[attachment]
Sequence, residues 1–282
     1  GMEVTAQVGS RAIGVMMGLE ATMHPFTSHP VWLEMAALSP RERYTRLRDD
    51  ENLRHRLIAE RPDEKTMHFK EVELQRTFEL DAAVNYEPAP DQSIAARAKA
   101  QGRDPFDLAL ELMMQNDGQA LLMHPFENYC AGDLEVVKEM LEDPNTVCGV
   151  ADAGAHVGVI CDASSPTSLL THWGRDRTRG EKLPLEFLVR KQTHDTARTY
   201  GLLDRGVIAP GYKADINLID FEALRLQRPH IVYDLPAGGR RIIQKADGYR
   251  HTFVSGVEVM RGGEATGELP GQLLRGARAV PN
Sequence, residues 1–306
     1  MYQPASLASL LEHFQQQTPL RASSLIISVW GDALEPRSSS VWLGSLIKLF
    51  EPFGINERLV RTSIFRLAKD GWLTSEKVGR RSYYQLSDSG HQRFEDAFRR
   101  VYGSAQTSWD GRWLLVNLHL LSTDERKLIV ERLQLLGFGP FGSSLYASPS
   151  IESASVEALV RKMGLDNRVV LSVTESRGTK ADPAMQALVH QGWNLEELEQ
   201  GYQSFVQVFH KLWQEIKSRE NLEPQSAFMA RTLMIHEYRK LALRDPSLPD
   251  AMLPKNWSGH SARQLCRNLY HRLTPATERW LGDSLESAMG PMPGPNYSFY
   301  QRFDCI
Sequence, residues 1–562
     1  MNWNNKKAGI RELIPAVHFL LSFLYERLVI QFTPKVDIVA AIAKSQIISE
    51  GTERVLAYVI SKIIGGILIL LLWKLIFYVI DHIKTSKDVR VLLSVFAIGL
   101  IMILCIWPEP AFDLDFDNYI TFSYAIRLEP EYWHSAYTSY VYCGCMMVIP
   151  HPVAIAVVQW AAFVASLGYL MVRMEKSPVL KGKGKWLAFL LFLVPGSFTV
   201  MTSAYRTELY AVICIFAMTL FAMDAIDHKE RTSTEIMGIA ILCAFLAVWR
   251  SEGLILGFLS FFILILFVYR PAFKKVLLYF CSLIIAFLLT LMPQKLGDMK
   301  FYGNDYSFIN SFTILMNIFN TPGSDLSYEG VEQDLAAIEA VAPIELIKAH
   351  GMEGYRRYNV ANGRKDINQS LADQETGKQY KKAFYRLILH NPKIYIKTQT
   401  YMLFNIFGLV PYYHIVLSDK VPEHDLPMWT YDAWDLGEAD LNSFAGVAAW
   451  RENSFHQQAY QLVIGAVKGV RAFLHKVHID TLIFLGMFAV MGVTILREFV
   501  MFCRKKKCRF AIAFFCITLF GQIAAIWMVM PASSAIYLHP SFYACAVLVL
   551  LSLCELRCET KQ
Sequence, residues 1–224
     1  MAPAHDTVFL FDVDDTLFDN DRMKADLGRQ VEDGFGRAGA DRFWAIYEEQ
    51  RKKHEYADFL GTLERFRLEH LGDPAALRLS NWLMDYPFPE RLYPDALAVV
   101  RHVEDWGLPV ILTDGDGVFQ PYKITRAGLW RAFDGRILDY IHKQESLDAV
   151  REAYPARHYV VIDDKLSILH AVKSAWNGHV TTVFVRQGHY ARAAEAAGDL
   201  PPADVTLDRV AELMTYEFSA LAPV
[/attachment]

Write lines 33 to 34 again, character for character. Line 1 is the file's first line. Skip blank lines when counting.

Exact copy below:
   151  REAYPARHYV VIDDKLSILH AVKSAWNGHV TTVFVRQGHY ARAAEAAGDL
   201  PPADVTLDRV AELMTYEFSA LAPV